Following the discussion between the candidates for warden in MRC Pontiac, Jane Toller and Mike McCrank, at the Club De L’Age D’Or in Fort Coulonge on October 21, CHIP 101.9 asked both some additional questions off-camera. The topics concerned the possible amalgamation of smaller municipalities in the MRC, options for tourism and the use of French by the council of mayors.
The amalgamation of certain smaller municipalities is a topic that often comes up during election season, as the MRC has roughly 14,000 year-round residents but is represented by 18 mayors and 106 councillors. A feasibility study performed by Raymond Chabot Grant Thornton and Co. was presented at the MRC in February 2013, which recommended that “the status quo is no longer a realistic option”. The report noted that MRC Pontiac had 8.7 elected officials per 1,000 residents, compared to the provincial average at that time of between 0.6 and 1.
McCrank said that the decision ultimately lay with the citizens of the municipality, not elected officials.
Toller said that she knew the issue had been studied in the past, and added that the expansion of shared services made sense.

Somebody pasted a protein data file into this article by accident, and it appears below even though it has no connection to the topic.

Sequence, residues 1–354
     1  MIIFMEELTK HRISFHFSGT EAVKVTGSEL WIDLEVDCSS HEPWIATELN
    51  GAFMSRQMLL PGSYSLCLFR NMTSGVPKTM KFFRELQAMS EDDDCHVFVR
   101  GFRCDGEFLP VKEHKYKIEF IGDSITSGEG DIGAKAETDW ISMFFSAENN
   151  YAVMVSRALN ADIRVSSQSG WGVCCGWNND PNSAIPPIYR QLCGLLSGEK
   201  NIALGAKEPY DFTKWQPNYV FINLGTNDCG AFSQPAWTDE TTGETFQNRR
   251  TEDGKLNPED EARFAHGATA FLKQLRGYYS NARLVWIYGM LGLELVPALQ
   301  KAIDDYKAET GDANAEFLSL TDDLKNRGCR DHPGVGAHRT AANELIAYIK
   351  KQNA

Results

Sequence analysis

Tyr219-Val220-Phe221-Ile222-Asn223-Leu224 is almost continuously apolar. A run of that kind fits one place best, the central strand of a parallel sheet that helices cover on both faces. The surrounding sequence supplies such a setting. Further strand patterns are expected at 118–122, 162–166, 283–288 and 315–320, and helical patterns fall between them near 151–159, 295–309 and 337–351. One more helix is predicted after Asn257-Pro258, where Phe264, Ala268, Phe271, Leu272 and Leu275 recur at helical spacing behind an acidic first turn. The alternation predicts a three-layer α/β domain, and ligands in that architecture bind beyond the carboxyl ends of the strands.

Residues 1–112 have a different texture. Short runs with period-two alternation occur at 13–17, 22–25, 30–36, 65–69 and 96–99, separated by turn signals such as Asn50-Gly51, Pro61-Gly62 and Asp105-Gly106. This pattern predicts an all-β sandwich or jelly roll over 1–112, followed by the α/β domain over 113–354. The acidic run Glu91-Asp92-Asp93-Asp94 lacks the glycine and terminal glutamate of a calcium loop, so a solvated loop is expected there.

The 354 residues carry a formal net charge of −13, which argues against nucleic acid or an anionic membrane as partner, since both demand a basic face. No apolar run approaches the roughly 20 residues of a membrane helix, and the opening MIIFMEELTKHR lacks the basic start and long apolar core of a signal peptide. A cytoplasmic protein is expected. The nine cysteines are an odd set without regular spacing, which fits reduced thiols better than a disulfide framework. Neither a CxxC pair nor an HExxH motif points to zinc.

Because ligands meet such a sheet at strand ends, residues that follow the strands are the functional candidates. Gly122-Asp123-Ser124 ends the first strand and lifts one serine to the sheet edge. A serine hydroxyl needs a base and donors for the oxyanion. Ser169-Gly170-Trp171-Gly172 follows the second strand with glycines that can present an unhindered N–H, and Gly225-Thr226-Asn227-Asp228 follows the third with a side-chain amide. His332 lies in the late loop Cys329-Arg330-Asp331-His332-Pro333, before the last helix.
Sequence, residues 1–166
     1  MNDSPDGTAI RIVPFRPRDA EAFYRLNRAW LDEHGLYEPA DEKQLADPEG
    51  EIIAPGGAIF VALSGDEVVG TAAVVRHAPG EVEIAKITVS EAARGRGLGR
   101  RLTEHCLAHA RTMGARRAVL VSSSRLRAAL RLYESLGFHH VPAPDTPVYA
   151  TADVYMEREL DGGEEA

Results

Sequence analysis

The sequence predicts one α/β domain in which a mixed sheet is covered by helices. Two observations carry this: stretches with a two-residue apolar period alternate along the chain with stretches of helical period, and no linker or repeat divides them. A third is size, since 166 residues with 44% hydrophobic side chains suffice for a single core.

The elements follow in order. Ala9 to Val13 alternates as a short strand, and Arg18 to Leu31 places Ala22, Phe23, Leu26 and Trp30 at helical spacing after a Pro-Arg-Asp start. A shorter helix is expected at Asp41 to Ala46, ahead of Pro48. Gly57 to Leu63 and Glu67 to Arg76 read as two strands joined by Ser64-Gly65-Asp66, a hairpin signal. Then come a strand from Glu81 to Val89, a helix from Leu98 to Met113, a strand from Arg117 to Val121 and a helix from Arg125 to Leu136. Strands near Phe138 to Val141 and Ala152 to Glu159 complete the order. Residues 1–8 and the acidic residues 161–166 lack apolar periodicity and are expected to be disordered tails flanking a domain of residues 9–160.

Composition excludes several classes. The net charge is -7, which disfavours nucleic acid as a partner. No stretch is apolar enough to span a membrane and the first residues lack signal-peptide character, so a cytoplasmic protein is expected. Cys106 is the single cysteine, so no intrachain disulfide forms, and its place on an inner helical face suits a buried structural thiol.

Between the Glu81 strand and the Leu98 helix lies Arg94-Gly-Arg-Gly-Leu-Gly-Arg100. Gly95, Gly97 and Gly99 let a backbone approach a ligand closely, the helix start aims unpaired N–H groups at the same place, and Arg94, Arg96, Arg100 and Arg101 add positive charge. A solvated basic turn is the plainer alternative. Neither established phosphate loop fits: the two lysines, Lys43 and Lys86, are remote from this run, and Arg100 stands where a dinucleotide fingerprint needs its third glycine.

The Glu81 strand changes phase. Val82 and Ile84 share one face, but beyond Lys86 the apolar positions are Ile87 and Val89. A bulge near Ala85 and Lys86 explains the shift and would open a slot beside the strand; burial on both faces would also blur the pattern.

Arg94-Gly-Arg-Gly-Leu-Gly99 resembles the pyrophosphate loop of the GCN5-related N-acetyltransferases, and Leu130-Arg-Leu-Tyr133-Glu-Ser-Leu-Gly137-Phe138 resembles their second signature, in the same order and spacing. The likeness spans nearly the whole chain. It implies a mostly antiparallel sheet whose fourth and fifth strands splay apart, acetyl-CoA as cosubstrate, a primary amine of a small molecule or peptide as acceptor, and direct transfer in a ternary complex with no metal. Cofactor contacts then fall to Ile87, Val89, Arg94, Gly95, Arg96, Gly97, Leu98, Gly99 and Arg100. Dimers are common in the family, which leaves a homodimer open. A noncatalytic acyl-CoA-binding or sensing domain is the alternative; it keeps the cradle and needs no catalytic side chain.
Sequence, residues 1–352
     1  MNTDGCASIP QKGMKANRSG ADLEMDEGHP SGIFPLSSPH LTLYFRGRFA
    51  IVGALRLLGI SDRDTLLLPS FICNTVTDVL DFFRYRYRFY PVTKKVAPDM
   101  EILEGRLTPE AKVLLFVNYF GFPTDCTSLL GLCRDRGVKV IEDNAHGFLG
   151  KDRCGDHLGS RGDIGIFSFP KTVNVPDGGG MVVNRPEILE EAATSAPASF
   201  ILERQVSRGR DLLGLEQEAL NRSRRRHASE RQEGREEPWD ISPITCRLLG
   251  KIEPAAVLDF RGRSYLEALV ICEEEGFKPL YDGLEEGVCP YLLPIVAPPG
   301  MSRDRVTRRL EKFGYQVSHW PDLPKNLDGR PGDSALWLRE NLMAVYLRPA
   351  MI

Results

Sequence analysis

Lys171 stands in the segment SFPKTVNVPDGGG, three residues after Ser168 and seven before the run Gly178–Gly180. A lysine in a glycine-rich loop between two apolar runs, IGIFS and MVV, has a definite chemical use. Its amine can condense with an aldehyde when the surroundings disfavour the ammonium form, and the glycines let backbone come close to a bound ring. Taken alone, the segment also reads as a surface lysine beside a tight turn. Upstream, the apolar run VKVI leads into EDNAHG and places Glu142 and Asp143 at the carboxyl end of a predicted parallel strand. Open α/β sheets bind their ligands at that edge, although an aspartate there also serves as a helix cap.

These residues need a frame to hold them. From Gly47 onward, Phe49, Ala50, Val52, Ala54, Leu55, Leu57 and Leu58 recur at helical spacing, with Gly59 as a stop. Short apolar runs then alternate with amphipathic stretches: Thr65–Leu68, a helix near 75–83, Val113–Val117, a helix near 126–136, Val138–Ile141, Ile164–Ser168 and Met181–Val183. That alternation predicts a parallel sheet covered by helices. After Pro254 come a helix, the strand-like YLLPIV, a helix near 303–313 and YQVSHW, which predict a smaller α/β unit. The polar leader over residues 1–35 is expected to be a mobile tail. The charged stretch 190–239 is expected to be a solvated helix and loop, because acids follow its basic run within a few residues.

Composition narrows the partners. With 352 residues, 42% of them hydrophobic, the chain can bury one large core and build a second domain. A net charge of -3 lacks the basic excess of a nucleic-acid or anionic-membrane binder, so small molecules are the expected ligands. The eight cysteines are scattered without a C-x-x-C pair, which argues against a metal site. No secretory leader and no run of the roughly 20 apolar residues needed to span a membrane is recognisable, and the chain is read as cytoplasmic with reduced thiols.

While tourism was discussed during the filmed discussion, the conversation mainly revolved around cycling and snowmobiling on the PPJ trail as well as ATVs.
Toller said that she would like to see more investment in accommodations, so that tourists would have more options to stay overnight in the area. She also said that she was hopeful for the possible park created in the Lafontaine Islands, near L’Île-du-Grand-Calumet.
McCrank said that the dogsledding was one example of niche tourism attractions that could bring people to the Pontiac.
Language at MRC meetings
The issue of language was briefly touched upon during the on-camera discussion, with the mention of Bill 96, the provincial government’s massive overhaul of language laws. The MRC recently completed a petition asking the government to maintain services for English-speakers and not place restrictions on small businesses. A statement read before every MRC meeting encourages everyone to speak in their preferred language, however the discussion is almost exclusively English. Both candidates said that they were in favour of increased bilingualism at the regional council.
McCrank said that he would like to see additional French spoken at MRC meetings, adding that every citizen had a right to be served in the language of their choice.
Toller said that she would be in favour of increasing the amount of French spoken at MRC meetings, and noted how much her own French had improved over the course of four years.